APIs are what allow for modern Web experiences to work so well. Developers can pick and choose APIs and “mash” them up to create entirely new experiences. From Google, to Twitter, to Facebook, developers have the pick of literally thousands of APIs to work with. For example, when you use your iPhone to search for nearby bars on Yelp, the app plots their locations on an Apple Map instead of trying to create their own map from scratch. This all works through an API. The Yelp iOS app passes the locations it wants plotted to the Apple Maps API which then returns a Map with the bars pinned on it in the correct places. Yelp can then display this to the app’s users. Mobile devices like iOS and Android phones and tablets have many APIs like this built-in. For example, Apple recently announced a new API called “HealthKit” as part of iOS 8 that allows developers to access a user’s health data from a central place.

Another common application of APIs is the “sharing” icons you see on articles, blog posts, and videos across the web (as seen in Figure 2). By clicking on the Facebook, Google+, Twitter, LinkedIn, or Reddit share links next to an article, an API is called that allows users to Tweet or post about an article without leaving the site they’re on. Another common API is for the commenting system that is below many articles and videos known as Disqus. It allows users to post and view comments without the website owner having to do anything extra. As you may have noticed, APIs are extremely pervasive and have allowed the pace of innovation to increase rapidly, where each new software developer can create functionality without having to reinvent the wheel.

A common share sheet
A common share sheet


API Business Models

As you may have already been able to deduce, APIs are often used by companies to make money. Figure 3 shows 4 common API business models that allow companies to further business objectives via their APIs. The term “Developer” in the figure refers to the software developer that would be utilizing the API.

API business models
API business models

In a free API, a company or organization gives away access to an API at no cost, either because having software developers using the API spreads the reach of the company and may allow the company to reach more users (for example when Google or Facebook allows access to its APIs) or because the API is simply free and open source. In a “developer pays” model, the API, or the data provided through it, is so valuable, that a software developer is willing to pay for access. Examples of this include PayPal, which charges for access to its payments API because it makes accepting payments online much simpler. PayPal then charges a transaction fee for each payment made through its API. In a “developer gets paid” model, a company may pay a developer for using its API. This often comes as part of an affiliate program or revenue-share program whereby a developer using the API (e.g. Amazon’s) can get paid for every “lead” she sends to Amazon.com through the API.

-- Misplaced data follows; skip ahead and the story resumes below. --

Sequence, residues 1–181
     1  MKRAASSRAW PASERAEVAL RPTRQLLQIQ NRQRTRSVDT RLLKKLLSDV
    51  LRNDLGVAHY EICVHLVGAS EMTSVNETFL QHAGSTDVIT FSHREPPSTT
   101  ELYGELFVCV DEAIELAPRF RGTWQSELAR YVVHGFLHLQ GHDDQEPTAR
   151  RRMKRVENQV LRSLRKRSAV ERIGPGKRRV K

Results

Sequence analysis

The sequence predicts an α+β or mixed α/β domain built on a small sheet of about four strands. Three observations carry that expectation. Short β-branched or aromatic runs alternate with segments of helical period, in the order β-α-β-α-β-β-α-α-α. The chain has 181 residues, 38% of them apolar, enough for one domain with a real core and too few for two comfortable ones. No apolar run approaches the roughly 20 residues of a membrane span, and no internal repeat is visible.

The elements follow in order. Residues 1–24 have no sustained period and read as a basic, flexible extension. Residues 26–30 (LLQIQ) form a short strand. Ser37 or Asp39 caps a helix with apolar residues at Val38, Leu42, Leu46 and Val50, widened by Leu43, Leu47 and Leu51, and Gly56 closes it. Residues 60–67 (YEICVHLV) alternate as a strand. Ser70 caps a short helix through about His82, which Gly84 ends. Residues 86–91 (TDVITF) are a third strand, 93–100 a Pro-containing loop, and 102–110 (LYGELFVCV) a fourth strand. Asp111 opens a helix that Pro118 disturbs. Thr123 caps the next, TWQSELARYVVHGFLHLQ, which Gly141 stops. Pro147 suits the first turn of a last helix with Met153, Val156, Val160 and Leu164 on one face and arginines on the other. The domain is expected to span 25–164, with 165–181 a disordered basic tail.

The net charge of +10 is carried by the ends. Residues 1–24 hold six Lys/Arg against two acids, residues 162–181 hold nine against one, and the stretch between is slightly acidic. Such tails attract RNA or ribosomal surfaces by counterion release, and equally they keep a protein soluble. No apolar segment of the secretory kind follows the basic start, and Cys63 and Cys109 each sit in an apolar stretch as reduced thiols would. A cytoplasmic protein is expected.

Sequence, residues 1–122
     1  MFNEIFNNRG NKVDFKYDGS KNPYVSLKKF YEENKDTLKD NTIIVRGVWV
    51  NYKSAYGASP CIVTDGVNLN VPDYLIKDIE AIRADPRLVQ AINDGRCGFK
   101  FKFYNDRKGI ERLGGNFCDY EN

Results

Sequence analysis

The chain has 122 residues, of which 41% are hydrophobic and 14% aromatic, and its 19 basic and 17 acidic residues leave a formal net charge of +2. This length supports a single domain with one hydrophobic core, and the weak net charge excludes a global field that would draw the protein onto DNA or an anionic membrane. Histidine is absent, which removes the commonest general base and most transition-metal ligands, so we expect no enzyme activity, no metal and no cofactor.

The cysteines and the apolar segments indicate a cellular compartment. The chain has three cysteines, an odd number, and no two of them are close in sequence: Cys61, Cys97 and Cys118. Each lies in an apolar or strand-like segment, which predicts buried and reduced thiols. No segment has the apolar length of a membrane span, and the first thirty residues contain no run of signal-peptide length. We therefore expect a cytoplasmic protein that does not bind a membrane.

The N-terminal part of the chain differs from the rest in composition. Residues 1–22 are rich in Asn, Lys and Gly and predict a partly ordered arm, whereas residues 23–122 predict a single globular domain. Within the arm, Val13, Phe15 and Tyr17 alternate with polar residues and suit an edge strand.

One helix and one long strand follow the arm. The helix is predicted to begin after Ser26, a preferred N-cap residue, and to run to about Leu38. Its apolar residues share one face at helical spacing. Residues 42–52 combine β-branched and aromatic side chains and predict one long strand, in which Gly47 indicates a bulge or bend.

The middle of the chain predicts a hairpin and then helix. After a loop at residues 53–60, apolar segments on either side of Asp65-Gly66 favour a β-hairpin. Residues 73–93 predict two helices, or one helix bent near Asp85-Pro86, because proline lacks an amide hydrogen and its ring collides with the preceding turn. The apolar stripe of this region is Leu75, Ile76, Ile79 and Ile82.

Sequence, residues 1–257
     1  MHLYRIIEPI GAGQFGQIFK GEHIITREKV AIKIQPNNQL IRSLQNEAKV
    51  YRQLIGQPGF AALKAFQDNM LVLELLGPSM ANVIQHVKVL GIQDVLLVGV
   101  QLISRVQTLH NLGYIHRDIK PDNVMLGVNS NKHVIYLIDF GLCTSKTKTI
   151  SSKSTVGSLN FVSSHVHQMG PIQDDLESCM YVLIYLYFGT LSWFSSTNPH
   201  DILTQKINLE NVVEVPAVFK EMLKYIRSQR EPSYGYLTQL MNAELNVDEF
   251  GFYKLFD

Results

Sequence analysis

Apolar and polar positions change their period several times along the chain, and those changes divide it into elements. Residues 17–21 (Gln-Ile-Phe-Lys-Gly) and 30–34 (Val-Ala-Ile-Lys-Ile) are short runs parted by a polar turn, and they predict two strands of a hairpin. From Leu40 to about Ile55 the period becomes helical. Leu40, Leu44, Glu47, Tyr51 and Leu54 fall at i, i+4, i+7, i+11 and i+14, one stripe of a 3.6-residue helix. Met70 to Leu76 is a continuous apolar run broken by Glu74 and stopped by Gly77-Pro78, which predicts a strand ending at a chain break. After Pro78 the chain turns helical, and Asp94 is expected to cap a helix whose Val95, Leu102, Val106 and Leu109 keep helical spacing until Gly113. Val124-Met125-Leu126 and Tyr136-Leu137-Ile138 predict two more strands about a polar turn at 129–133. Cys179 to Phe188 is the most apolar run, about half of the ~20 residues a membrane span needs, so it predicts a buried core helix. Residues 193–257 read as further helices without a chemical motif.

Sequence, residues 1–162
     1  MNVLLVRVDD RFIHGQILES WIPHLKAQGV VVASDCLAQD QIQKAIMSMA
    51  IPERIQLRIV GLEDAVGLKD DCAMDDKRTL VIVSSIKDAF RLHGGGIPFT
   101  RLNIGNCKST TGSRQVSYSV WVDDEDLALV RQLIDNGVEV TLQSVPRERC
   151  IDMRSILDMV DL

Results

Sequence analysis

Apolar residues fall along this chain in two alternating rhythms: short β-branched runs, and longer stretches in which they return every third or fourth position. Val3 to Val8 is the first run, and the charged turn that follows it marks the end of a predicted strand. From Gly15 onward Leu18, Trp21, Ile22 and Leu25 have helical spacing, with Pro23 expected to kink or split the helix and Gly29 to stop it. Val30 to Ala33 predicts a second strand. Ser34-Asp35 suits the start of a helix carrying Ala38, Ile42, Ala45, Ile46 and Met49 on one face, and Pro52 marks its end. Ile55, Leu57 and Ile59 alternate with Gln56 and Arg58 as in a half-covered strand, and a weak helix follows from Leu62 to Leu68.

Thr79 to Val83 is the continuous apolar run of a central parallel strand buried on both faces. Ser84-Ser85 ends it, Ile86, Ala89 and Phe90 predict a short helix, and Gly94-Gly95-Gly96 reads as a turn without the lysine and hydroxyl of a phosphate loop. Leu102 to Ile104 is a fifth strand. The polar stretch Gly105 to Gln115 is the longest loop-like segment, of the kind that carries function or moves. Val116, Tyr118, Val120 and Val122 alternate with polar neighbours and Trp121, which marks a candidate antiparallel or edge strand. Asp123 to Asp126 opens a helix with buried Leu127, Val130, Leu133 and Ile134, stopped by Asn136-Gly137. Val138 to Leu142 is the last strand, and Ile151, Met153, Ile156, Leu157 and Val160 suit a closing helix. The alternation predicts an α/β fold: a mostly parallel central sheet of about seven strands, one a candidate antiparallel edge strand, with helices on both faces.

“Indirect” models cover all of the other possible ways for companies to benefit from APIs. Salesforce (which provides businesses with software to manage their sales cycles), for example, can provide an API as a way to up-sell its business customers on a more expensive contract that provides access to the API (which can be used for custom integrations and needs).

An API is a Promise

A major issue with APIs is that they aren’t necessarily permanent. Just because a company is making an API available now doesn’t necessarily mean it will be available tomorrow. Twitter infamously limited third-party access to its API at the end of 2012. This had the effect of killing all alternative Twitter clients and forcing users to use Twitter’s official apps and website, where Twitter can show users ads as it pleases. This was done under the guise of providing a more cohesive user experience, but for many developers who relied on the Twitter API, it meant shutting down their business because of Twitter’s decision.

Other examples of this API abandonment are common. Startups that provide an API often shut down or get acquired, and Google is notorious for closing down services that people rely on like Google Reader (that allowed people to aggregate all the news services they read into one place). Since web APIs are still in their infancy, there is still a lot to learn. One of the things API providers should understand is that an API is a promise: once other people are relying on it, it is crucial maintain it and keep it active.

APIs and Innovation

The good news is that for the most part, APIs encourage innovation and don’t stifle it. Without APIs, communication between apps would be stifled, software developers would continuously be re-writing software that performed the same functionality, and generally innovation would slow. APIs have allowed for more trivial things like sharing photos with friends, but also for the potential to reimagine government. The White House recently released Data.gov, which is a set of thousands of APIs that allow the public to access information about government resources ranging from healthcare to finances to agriculture. This has allowed developers to create apps to support their neighborhoods and fellow citizens: from apps to help find polling places to ones that give information on food safety, and none of this would have been possible without APIs. As the world moves further and further into the technical revolution, APIs will have an even bigger role powering the apps and websites we use every day.


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Michael Bock
Michael Bock
Michael Bock is a student studying Computer Science & Business at the University of Southern California. He has experience working as a Software Engineer and Developer Advocate at companies both large and small. Much of his work has revolved around Public APIs, which allow him to work closely with businesses of all sizes to help them better utilize new technologies and data sources.